Lothar Wieler, the president of the Robert Koch Institute, said today that the upwards trend of COVID-19 cases could be starting to level off, but that they would only be sure once data from over the weekend was submitted. Of the 24,859 cases of coronavirus in Germany so far, only 97 have died – a much lower death rate than in neighbouring countries in Europe.

The Guardian logo

Wuhan lockdown easing slightly for residents

The Chinese city at the centre of the COVID-19 pandemic had been in lockdown for 2 months since 23 January, and residents have cautiously started going about normal life. Only people living in compounds that have been deemed coronavirus-free have been allowed out. The rest of China is slowly back to normal as well, and any new cases reported have been imported, according to the country’s National Health Commission.

Image from The Guardian article: Workers wearing face masks remove barriers on a street in Wuhan as the Chinese city has started to loosen its coronavirus lockdown Photograph: China Daily/Reuters

Jails around the world are releasing prisoners to stop COVID-19 spread

Practising social distancing is clearly impossible in a crowded prison cell, and many countries including the UK and USA are responding in unprecedented ways to stop the coronavirus pandemic from taking hold. Low-level offenders or prisoners who are extremely sick or old are being released in an attempt to save lives.

Image from the WSJ article: The Cuyahoga County Corrections Center in Cleveland, where more than 400 inmates have been removed. PHOTO: TONY DEJAK/ASSOCIATED PRESS

US CDC launches a coronavirus self-checker bot called Clara

The U.S. Centers for Disease Control and Prevention has launched a bot called Clara to help people make decisions about what to do if they have potential symptoms of COVID-19. The bot is not a diagnostic tool, but intended to guide people as to when to seek medical care. The UK’s NHS has a similar service called 111 online to identify whether or not they need medical attention.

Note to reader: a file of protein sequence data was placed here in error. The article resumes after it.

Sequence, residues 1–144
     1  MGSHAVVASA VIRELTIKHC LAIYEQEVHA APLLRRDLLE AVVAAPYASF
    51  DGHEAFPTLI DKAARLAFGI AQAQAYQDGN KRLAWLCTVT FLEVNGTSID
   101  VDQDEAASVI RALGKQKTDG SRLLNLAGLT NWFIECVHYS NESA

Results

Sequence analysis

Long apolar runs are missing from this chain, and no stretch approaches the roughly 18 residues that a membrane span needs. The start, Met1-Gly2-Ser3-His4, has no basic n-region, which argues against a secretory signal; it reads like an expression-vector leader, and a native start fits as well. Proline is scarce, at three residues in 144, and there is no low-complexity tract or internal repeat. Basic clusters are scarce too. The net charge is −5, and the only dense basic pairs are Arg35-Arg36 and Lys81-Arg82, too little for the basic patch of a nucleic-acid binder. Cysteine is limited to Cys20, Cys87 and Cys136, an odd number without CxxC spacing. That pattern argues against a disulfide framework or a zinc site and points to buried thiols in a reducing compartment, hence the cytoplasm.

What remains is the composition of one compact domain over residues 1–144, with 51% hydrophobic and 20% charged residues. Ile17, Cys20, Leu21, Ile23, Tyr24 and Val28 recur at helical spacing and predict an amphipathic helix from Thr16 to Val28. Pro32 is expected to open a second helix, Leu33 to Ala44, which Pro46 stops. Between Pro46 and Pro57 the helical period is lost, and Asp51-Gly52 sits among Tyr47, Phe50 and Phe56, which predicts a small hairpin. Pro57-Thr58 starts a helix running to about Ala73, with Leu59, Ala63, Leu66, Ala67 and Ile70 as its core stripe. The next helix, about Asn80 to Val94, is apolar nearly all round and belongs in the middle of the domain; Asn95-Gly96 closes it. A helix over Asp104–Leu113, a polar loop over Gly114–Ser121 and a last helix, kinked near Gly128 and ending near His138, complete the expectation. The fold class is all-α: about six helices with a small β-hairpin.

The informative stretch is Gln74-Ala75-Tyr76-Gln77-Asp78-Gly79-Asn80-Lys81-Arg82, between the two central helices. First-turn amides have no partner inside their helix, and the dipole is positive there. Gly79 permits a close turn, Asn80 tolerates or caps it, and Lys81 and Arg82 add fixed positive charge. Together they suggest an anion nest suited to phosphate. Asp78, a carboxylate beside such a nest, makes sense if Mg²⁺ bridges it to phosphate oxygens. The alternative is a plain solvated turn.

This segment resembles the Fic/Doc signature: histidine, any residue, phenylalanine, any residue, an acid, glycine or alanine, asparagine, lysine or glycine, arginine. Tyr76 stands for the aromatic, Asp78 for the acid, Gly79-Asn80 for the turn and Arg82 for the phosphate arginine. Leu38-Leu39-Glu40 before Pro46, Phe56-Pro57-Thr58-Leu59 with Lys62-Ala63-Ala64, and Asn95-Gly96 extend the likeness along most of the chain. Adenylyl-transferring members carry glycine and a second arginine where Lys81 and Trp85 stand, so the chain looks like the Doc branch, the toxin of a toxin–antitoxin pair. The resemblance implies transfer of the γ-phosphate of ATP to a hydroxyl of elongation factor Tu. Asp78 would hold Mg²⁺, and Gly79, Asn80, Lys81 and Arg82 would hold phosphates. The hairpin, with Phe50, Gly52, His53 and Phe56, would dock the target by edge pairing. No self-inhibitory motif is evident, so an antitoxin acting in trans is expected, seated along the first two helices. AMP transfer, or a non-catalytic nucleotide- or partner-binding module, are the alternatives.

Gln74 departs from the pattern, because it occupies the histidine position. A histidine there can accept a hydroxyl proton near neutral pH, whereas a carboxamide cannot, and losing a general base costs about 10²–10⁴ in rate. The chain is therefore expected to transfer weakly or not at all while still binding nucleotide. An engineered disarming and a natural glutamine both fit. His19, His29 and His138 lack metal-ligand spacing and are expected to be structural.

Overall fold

Image from the TechCrunch article: Image Credits: Aleksandr Zubkov (opens in a new window)/ Getty Images

The loss of smell or taste is emerging as an important COVID-19 symptom

Losing the sense of smell or taste, even in the absence of any other symptoms, is turning out to be a characteristic of infection with the new coronavirus. Some people with these symptoms have no nasal congestion either, which might usually explain a loss of smell. Reports of the symptoms have been coming in from all over the world. In a study of 2,000 coronavirus patients from South Korea, around one in three people had lost their ability to smell.

Image from the NYTimes article: A girl removed her mask to smell the flowers on a blooming tree in Skopje, North Macedonia, on Friday. Evidence is growing that lost sense of smell and taste are peculiar telltale signs of Covid-19, the disease caused by the coronavirus.Credit...Ognen Teofilovski/Reuters

19th March 2020

China and South Korea have flattened the coronavirus curve